Safer drinking water; nanobead microscopes.
Safer drinking water
Two-dimensional materials are gaining steam in the R&D labs. 2D materials include graphene, boron nitride (BN) and the transition-metal dichalcogenides (TMDs).
These materials could one day enable future field-effect transistors (FETs). One TMD, molybdenum disulfide (MoS2), is also generating interest in other fields. Molybdenum disulfide consists of two elements–molybdenum and sulfur.
The Department of Energy’s SLAC National Accelerator Laboratory and Stanford University have created a tiny nanostructured device based on molybdenum disulfide. The device kills 99.99% of the bacteria in wafer in just 20 minutes by using the visible part of the solar spectrum, according to SLAC.
The method doesn’t remove chemical pollutants from water. But it could one day enable safer drinking water in developing countries. In many parts of the world, one way to disinfect water is to boil it. This consumes fuel. Another way is to put water out in the sun in a plastic bottle. The ultraviolet (UV) rays will kill the microbes. The UV method takes six to 48 hours, limiting the amount of water people can disinfect this way.
To improve this process, SLAC and Stanford developed a device based on molybdenum disulfide. The surface of the device looks like a fingerprint. The lines are very thin films of molybdenum disulfide. The materials are stacked on edge, “like the walls of a labyrinth, atop a rectangle of glass,” according to SLAC.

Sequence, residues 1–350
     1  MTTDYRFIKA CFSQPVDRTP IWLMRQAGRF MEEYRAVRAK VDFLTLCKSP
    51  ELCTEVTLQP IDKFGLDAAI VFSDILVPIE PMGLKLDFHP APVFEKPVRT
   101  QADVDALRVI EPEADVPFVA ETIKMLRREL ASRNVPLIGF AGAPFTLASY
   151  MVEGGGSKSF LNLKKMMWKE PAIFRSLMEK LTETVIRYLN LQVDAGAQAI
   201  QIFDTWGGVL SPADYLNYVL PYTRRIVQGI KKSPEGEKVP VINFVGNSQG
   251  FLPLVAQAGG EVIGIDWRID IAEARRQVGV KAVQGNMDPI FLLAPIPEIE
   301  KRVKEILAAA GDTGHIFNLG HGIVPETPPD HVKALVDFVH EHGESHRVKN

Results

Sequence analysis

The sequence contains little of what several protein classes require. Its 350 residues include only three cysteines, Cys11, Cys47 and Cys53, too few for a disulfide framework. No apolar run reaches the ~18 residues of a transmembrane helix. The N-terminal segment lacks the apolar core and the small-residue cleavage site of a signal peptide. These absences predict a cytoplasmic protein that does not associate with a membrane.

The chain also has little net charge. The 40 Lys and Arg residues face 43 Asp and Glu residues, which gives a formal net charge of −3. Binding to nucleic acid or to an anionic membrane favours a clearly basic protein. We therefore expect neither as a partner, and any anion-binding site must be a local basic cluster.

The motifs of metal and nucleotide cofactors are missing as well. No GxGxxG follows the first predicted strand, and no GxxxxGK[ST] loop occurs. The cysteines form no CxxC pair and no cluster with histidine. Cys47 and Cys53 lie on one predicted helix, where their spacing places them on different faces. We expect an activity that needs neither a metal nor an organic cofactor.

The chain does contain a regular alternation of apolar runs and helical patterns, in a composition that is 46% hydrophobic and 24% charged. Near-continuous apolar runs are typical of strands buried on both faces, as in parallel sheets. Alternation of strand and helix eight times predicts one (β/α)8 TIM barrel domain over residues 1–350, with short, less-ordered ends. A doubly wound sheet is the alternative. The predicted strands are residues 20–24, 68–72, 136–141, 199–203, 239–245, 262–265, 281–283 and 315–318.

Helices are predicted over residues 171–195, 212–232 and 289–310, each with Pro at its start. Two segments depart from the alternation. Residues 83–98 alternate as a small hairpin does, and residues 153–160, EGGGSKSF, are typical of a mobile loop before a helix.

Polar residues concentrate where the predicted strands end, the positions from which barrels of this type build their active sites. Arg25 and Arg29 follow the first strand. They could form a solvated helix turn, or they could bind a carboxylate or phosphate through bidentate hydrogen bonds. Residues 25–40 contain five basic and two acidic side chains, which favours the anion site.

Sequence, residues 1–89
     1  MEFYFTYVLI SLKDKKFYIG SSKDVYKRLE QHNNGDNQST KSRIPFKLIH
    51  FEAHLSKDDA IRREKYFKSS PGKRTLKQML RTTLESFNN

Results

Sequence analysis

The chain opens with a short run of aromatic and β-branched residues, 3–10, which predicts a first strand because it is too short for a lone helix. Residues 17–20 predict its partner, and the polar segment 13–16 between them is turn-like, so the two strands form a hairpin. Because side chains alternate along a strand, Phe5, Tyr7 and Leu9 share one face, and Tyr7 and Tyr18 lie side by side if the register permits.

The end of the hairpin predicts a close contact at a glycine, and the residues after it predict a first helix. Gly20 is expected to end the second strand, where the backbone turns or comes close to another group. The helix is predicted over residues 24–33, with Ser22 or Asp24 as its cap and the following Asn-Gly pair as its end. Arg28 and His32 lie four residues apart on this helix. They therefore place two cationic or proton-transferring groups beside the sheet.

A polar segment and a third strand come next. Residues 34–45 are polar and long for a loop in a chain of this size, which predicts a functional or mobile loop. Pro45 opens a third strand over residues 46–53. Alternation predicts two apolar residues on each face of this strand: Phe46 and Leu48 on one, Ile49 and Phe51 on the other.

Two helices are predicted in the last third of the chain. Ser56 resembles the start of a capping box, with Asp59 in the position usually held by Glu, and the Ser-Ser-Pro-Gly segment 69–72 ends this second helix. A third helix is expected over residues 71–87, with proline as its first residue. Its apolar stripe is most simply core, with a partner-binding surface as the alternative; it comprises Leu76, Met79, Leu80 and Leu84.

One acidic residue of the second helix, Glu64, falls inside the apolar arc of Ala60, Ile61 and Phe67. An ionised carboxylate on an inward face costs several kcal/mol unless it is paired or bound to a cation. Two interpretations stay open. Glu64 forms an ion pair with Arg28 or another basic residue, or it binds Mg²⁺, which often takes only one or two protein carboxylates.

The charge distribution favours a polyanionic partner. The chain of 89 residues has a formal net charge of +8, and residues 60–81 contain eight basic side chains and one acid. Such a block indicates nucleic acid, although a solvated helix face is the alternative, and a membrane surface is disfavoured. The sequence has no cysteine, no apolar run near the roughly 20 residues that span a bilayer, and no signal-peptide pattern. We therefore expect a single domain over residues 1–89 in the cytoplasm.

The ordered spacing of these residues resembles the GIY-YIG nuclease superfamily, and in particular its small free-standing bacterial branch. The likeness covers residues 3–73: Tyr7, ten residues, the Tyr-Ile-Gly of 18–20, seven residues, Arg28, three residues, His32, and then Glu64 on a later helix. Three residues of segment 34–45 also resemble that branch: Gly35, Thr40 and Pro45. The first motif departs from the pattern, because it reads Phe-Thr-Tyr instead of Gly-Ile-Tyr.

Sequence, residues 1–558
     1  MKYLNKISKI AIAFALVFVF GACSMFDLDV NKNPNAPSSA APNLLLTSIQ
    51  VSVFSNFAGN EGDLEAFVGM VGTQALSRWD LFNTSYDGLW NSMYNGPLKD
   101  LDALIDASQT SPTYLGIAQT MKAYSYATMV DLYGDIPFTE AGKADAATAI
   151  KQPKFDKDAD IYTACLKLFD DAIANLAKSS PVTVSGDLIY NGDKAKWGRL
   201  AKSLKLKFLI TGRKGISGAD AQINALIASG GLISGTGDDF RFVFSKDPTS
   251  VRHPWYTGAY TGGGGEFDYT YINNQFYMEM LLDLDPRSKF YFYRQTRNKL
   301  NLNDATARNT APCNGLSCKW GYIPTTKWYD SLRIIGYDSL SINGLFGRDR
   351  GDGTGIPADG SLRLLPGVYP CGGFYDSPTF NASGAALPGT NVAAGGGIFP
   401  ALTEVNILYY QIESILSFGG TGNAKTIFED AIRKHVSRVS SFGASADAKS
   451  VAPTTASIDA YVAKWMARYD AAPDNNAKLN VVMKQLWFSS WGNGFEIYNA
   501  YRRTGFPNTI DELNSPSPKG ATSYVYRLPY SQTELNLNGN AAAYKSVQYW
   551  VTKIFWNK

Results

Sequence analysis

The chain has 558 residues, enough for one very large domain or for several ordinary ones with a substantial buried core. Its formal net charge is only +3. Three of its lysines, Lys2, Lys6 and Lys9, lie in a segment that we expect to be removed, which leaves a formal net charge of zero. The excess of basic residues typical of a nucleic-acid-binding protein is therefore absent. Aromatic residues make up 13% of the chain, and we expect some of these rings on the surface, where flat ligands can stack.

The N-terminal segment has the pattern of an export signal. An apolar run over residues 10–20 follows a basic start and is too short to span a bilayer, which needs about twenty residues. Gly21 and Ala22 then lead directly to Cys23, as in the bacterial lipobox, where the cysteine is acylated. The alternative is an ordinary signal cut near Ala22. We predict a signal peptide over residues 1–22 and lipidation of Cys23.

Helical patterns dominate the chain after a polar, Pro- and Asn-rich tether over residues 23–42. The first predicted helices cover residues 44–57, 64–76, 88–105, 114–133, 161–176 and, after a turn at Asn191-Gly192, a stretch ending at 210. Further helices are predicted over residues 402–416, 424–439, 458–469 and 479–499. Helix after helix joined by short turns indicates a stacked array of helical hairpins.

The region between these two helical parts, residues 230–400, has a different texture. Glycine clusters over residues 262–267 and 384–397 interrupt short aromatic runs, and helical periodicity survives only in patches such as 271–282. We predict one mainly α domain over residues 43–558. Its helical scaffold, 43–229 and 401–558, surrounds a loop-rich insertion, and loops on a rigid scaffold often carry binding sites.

Molybdenum disulfide is an industrial lubricant. But when these materials are transformed into layers at the atomic scale, they become photocatalysts. “When hit by incoming light, many of its electrons leave their usual places, and both the electrons and the ‘holes’ they leave behind are eager to take part in chemical reactions,” according to SLAC.
Researchers also develop these materials in order to absorb the full range of visible sunlight. “Our device looks like a little rectangle of black glass. We just dropped it into the water and put everything under the sun, and the sun did all the work,” said Chong Liu, a researcher at SLAC/Stanford.
Using a technology called nanobeads, Bangor University and Fudan University have developed a superlens for an optical microscope.
The new superlens, according to researchers, adds 5x magnification on top of an existing microscope.
Researchers devised a new “nano–solid-fluid assembly” fabrication method to build the lens. The lens itself is based on 15nm titanium dioxide (TiO2) nanoparticles enabling an all-dielectric metamaterial-based solid immersion lens (mSIL).
A lens could have millions of nanobeads. Each bead refracts light. It can produce an image at least around 45nm under an optical microscope. “We’ve used high-index titanium dioxide (TiO2) nanoparticles as the building element of the lens. These nanoparticles are able to bend light to a higher degree than water. To explain, when putting a spoon into a cup of this material, if it were possible, you’d see a larger bend where you spoon enters the material than you would looking at the same spoon in a glass of water,” said Zengbo Wang at Bangor University.
“Each sphere bends the light to a high magnitude and splits the light beam, creating millions of individual beams of light. It is these tiny light beams which enable us to view previously unseen detail,” Wang said.